"read only": "no",
              "writable": "yes"
            "homes": {
              "browseable": "no",
              "comment": "Home Directories",
              "create mask": "0700",
              "directory mask": "0700",
              "read only": "yes",
              "valid users": "%S"
            "print$": {
              "browseable": "yes",
              "comment": "Printer Drivers",
              "guest ok": "no",
              "path": "/var/lib/samba/printers",
              "read only": "yes"
            "printers": {
              "browseable": "no",
              "comment": "All Printers",
              "create mask": "0700",
              "guest ok": "no",
              "path": "/var/spool/samba",
              "printable": "yes",
              "read only": "yes"

Conclusion, you don't have to use ruby to get structural data into facter.
It's a great feature though !!!
Hope anyone will find it useful.

Rgds. Franz

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answered 2016-04-29 12:12:08 -0500

sigmike gravatar image

It doesn't seem to be possible, but your may be able to use structured data files for that.

I don't know the order of evaluation, but if external facts are evaluated before structured data facts, then your bash script may just write the data fact file and provide a dummy fact.

If data facts are evaluated first you could run your bash script in a cron or a refresh.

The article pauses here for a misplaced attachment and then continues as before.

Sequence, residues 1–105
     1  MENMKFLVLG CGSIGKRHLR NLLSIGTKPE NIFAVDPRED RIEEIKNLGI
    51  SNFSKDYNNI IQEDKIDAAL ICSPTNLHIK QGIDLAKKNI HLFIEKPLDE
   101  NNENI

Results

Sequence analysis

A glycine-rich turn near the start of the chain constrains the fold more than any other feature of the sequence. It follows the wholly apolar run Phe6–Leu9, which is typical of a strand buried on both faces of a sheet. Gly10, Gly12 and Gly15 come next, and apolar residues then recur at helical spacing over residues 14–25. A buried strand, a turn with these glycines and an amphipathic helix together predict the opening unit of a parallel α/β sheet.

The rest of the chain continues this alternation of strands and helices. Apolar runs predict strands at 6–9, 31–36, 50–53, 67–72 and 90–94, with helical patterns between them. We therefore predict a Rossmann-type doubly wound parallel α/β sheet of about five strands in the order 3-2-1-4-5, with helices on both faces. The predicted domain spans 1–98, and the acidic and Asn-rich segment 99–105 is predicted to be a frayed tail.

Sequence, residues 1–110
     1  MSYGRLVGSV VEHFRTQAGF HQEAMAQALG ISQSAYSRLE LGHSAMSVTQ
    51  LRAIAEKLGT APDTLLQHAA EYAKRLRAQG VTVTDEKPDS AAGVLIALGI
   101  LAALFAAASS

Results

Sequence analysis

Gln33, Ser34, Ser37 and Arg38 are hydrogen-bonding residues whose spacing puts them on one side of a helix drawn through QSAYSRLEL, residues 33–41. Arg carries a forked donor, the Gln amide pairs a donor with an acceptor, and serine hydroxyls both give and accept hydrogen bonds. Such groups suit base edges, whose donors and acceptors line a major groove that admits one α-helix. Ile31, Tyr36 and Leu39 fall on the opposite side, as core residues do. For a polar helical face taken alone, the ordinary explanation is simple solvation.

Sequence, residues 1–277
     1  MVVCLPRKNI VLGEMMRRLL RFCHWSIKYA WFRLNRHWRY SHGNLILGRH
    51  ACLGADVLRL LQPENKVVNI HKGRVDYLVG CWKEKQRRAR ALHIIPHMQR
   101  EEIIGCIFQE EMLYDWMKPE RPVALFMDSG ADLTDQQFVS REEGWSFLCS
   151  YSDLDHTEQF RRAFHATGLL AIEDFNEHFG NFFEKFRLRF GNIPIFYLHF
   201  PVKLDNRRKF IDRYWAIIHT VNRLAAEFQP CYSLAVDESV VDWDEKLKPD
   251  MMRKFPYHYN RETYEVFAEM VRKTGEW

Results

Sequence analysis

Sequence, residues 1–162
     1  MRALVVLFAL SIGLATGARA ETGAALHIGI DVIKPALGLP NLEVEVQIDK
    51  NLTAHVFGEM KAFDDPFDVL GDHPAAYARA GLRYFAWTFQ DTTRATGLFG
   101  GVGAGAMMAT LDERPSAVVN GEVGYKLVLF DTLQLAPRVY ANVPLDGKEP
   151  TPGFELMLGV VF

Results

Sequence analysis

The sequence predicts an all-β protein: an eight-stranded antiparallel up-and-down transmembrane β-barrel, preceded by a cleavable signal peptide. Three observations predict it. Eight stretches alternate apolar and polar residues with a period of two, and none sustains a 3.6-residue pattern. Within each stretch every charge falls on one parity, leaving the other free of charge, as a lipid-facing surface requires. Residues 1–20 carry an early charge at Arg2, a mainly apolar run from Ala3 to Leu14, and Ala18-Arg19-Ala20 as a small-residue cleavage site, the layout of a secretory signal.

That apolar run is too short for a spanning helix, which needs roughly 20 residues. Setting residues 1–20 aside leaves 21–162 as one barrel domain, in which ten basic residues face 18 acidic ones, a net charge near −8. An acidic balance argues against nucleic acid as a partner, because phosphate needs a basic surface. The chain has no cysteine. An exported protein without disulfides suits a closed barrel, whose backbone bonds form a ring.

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answered 2016-04-29 12:57:01 -0500

DarylW gravatar image

updated 2016-04-29 13:21:45 -0500

Here is the official documentation -

Note: Structured facts are supported in Puppet 3.3 and greater, but they aren’t enabled by default. To enable structured facts, set the stringify_facts option to false in the [main] section of puppet.conf on all machines, whether they are agents, masters, or standalone nodes running puppet apply.

Puppet Enterprise 3.7 and later has structured facts enabled by default, as will Puppet 4.0.

I don't currently have structured facts enabled, but I think that all you have to do is the following.. Enable structured facts if appropriate (noted above) and return the object in the type you want from ruby, inside of your fact.. (hash or array)

Here's the link

Facter.add(:interfaces_array) do
  setcode do
   interfaces = Facter.value(:interfaces)
   # the 'interfaces' fact returns a single comma-delimited string, e.g., "lo0,eth0,eth1"
   # this splits the value into an array of interface names

Now, in your case if you have bash returning a set of newline separated values.... You would need to shell out to your command, and then turn the output into a newline separated array.

Facter.add(:ls_tmp_array) do
  setcode do
  ls_output = Facter::Core::Execution::exec('ls -l /tmp')

One additional thing... as per this comment on stack overflow...

You may need to remove the newlines from each line in the array... The linked question suggest using squish, but that didn't work for me, so I used the chomp method

Facter.add(:ls_tmp_array) do
  setcode do
  ls_output = Facter::Core::Execution::exec('ls -l /tmp')
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I was hoping to avoid writing Ruby for this solution; and just drop a script in /etc/facter/facter.d for initial prototyping. If I need to write Ruby to wrap the script output and parse it, I think I'll be better off just writing the whole thing in Ruby. Much to consider...

Rob Ogilvie gravatar imageRob Ogilvie ( 2016-04-29 15:42:09 -0500 )edit

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Asked: 2016-04-29 10:05:10 -0500

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Last updated: May 27 '16